In 1972, the United States passed a federal civil rights law prohibiting sex-based discrimination in any school or other education program that received funding from the federal government. Title IX not only changed the landscape of education, but of athletics as part of education programs.
Texas A&M University-San Antonio (A&M-San Antonio) Division of Athletics and Women @ Work celebrated the 50th Anniversary of Title IX with a panel discussion on May 2. The theme of the event was “Celebrating Women in Athletics” and featured panelists Dr. Lisa Campos, vice president for intercollegiate athletics at The University of Texas at San Antonio; Jenny Carnes, senior vice president and chief operating officer at San Antonio Sports; and Nicole DuFour, softball head coach for A&M-San Antonio. Christi Cano, men’s golf head coach at A&M-San Antonio, served as moderator.
To open the panel discussion, Joni Baker, Title IX coordinator, shared a video featuring Bernice Sandler, who was instrumental in the creation of Title IX. Baker, who met Sandler on several occasions, also spoke about how far society has come in terms of inequities in sports, before Title IX and in its early years, but said the work must continue even in today’s world.
“We owe a lot to Sandler and the members of the House and Senate who voted to pass the law,” said Baker. “Let us continue the hard work of the past 50 years of gender equity in athletics and throughout society.”
Cano then asked the panelists to share their experiences as women in leadership and coaching roles in athletics and how Title IX is important and significant in their careers, in education, and in society.
Also representing Conference USA on the NCAA Division I Council, Campos emphasized the role Title IX plays in both athletics and education, as well as careers in the field of higher education athletics.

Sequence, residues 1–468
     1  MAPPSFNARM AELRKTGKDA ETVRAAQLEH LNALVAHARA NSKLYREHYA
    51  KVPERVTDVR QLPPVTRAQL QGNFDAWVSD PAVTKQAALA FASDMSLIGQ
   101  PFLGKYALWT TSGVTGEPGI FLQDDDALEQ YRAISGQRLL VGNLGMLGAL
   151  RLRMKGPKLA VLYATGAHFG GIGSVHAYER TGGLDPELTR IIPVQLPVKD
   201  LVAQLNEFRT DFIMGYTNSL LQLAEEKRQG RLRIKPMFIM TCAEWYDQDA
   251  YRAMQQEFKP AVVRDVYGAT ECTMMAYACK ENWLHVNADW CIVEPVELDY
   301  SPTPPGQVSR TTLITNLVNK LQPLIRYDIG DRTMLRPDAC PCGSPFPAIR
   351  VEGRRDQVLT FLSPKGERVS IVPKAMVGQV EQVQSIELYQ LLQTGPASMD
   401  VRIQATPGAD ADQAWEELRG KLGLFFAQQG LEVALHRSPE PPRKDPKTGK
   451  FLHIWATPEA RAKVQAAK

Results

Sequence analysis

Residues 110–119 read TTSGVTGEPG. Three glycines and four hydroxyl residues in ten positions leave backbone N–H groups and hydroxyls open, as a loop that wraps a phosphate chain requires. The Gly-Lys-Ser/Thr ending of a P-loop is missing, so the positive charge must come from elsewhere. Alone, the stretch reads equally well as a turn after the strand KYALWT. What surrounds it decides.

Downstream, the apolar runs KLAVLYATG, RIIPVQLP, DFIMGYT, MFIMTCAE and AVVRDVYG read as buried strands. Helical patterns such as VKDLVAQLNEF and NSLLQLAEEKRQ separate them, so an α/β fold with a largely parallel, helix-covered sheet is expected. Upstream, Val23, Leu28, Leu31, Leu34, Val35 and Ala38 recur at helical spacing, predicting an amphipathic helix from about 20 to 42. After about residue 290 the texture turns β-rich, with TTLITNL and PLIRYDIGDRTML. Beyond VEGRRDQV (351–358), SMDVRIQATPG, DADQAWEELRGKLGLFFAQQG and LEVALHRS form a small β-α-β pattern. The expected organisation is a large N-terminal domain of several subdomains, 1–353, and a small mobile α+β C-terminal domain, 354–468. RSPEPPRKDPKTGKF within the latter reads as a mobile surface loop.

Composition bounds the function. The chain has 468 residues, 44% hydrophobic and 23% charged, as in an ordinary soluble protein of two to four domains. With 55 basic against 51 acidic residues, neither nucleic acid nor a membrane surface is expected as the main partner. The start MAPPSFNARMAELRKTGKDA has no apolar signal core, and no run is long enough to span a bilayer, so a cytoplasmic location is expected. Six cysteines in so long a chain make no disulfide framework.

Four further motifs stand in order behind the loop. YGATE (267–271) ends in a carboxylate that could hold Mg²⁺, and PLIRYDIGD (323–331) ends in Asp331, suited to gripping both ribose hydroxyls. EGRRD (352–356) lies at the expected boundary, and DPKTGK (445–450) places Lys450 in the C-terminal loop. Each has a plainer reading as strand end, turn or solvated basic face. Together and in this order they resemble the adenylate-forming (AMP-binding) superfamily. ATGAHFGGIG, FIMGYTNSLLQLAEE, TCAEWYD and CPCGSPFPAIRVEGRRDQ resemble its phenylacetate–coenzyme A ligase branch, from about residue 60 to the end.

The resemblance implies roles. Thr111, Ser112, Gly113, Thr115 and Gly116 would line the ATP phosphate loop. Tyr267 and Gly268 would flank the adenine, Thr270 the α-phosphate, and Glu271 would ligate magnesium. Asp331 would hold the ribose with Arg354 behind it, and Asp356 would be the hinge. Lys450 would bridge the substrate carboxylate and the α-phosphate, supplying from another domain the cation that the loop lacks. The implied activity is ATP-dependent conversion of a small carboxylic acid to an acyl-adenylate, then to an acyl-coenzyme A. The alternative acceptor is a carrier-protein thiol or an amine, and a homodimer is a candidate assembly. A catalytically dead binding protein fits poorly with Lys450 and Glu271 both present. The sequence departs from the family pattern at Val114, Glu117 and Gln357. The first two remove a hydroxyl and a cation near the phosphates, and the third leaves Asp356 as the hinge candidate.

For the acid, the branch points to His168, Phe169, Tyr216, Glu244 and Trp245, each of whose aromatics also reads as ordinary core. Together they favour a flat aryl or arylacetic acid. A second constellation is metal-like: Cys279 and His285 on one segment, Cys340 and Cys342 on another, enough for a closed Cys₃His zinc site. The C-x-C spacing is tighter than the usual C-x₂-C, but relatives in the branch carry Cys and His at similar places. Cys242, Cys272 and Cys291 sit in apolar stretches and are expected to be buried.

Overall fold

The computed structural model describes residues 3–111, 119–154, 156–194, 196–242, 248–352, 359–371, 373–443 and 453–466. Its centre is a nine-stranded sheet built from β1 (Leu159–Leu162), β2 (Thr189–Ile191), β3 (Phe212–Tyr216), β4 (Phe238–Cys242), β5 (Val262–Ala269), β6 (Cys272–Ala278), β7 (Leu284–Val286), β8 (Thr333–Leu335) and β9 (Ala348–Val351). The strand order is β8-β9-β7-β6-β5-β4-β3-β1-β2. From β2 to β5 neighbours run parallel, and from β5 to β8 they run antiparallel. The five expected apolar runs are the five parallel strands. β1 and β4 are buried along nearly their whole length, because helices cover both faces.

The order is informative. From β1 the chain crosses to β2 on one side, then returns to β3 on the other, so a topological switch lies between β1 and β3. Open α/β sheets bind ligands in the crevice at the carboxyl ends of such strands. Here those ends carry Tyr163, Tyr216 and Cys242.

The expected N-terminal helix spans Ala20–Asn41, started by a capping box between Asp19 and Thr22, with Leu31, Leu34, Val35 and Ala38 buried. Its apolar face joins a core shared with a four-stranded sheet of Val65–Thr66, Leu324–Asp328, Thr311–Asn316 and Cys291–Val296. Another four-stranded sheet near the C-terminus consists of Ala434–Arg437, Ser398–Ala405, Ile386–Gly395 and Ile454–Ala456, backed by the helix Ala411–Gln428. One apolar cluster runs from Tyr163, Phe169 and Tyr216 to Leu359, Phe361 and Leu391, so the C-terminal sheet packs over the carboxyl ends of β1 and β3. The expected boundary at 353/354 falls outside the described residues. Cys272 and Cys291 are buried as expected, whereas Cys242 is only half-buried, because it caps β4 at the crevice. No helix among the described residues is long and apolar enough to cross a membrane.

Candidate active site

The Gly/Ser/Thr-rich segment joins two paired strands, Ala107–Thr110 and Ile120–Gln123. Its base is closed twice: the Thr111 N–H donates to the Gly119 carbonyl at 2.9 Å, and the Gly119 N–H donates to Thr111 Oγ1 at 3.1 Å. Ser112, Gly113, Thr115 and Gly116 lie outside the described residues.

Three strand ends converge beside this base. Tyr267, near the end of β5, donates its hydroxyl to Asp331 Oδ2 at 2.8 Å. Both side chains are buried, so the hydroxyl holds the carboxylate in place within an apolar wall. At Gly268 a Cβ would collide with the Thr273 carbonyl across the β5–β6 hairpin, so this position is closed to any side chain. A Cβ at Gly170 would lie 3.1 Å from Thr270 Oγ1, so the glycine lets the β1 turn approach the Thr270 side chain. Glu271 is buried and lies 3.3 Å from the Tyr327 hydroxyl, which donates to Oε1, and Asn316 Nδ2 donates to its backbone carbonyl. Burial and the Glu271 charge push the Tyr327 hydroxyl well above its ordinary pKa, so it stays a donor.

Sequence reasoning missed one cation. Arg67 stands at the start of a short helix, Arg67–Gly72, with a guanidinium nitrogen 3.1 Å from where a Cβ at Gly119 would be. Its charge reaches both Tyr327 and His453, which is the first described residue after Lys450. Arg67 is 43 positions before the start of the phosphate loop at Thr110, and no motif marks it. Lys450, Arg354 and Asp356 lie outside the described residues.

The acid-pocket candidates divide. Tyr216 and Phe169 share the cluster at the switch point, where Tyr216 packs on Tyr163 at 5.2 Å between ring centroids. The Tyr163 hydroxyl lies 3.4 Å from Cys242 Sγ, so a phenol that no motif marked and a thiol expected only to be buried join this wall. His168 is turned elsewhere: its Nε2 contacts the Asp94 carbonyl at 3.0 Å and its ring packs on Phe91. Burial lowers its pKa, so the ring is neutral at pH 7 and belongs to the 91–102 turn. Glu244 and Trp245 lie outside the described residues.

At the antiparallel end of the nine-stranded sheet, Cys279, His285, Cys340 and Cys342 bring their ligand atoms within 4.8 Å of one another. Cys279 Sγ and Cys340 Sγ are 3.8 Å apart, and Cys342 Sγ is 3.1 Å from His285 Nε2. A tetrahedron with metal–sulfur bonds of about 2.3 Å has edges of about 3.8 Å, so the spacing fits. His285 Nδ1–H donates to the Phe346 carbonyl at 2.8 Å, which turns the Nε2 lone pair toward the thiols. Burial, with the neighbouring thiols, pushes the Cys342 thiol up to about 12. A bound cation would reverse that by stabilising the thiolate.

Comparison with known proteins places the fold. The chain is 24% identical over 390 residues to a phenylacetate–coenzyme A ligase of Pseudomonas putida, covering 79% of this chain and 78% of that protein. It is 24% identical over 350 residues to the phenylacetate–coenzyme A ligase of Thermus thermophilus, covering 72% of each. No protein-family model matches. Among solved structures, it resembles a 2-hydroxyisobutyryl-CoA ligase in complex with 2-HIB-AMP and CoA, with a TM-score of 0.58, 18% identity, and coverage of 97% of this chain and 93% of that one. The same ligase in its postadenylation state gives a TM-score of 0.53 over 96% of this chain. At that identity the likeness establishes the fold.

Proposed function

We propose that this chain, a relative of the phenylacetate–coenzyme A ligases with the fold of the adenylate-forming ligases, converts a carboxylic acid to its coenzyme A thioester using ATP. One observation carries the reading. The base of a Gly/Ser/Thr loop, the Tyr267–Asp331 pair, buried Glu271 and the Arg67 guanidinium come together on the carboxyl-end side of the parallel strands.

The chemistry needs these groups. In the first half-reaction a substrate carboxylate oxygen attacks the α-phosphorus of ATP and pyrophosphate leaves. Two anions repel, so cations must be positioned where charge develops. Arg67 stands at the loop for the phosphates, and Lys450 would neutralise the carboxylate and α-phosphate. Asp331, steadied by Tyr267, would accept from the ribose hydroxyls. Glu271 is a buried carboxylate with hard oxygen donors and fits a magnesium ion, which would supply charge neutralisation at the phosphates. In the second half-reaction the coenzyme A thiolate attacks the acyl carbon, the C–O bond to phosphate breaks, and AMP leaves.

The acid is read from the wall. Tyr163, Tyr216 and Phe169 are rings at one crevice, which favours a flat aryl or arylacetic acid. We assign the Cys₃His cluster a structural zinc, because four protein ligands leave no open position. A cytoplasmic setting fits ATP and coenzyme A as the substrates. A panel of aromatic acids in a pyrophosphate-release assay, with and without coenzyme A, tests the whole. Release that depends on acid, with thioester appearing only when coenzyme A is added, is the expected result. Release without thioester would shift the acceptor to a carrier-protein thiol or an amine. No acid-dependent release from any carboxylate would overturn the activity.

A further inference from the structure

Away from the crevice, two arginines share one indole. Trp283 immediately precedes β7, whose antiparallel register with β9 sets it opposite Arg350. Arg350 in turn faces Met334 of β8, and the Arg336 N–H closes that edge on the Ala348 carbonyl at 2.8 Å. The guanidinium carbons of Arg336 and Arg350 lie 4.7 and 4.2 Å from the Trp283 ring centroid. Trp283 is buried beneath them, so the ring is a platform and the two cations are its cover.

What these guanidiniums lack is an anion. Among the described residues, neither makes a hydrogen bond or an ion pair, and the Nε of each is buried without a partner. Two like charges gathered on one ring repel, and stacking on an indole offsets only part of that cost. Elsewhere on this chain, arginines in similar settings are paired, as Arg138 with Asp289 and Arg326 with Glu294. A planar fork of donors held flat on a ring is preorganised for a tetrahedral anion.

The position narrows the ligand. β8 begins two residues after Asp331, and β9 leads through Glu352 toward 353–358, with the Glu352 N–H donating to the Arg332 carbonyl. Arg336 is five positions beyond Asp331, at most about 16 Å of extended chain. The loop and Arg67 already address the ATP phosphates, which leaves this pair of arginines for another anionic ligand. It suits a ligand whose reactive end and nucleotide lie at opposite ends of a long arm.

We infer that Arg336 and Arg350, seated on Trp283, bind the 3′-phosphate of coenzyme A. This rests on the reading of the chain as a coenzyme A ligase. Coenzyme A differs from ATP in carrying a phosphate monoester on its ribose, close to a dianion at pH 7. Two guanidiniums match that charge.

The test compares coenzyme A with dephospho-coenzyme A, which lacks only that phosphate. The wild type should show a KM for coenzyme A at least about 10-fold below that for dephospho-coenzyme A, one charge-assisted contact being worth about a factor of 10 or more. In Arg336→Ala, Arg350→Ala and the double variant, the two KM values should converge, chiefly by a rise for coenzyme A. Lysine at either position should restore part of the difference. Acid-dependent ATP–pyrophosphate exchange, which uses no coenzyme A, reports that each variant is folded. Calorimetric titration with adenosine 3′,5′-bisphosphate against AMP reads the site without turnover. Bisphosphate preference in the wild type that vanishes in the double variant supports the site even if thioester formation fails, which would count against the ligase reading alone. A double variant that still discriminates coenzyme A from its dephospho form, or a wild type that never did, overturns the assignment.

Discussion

“Title IX, though widely known for sports, is all about access in higher education. It opened up so much opportunity for girls and women,” said Campos. “Also, in terms of career, Title IX and NCAA also created the senior woman administrator role and it really gives women a seat at the table and meaningful representation in the leadership and management of college sports.”
Carnes, who said her primary job at San Antonio Sports is to organize sporting events, sited NCAA men’s basketball as a key example of women in leadership in the athletics field.
“Four out of the last five years that were awarded for the Men’s Final Four, the host committees were led by women and the director of the Men’s Basketball Championships for the NCAA is a woman,” said Carnes. “The thought of women who came before us who were told no or not to participate, I can’t imagine that. It is all about opportunity.”
As her softball team moves to a play-off bound post season, DuFour shared the significance and meaning of Title IX as it relates to the athletes she coaches.
“I like to yield to my team on what we have been discussing recently. Why not us? When you’re applying for a job in a male-dominated field, why not you? You have every right and should have every opportunity. Why not us?”
Though 50 years after it was passed into law, Title IX plays a critical role in ensuring equity in education and in athletics as part of education programming. As Texas A&M-San Antonio Athletics continues to grow and thrive, the University is committed to providing an environment free from harassment or discrimination for all the Jaguar community.